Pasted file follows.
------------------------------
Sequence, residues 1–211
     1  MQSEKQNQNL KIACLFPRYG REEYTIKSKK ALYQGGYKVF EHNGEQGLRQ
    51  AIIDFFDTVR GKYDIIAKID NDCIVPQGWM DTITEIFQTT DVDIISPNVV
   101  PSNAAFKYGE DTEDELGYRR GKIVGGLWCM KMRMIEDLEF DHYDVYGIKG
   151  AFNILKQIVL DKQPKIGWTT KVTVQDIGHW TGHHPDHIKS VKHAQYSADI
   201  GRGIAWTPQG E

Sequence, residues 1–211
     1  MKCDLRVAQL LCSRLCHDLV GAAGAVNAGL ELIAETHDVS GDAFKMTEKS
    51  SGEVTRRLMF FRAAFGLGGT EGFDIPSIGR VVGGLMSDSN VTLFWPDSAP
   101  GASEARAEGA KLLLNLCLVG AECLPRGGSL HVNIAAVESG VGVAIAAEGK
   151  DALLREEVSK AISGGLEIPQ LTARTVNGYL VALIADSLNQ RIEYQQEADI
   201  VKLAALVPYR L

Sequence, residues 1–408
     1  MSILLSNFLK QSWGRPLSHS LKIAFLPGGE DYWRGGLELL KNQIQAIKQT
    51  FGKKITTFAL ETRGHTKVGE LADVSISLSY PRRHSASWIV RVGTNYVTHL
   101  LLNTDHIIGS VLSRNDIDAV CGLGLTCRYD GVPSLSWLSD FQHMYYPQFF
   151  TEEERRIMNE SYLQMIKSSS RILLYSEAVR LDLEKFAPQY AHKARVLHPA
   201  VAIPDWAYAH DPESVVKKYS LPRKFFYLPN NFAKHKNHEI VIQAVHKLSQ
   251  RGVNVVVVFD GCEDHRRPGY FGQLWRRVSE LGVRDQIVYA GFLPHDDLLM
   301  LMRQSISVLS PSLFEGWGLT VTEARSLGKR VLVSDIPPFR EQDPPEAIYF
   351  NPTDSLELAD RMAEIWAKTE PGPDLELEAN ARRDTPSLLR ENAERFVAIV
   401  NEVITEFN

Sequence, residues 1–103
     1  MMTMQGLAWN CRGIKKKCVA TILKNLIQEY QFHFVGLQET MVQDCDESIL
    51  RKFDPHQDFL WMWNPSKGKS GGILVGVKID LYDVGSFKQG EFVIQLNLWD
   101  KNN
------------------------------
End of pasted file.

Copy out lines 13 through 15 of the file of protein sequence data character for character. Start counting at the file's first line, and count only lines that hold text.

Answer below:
Sequence, residues 1–408
     1  MSILLSNFLK QSWGRPLSHS LKIAFLPGGE DYWRGGLELL KNQIQAIKQT
    51  FGKKITTFAL ETRGHTKVGE LADVSISLSY PRRHSASWIV RVGTNYVTHL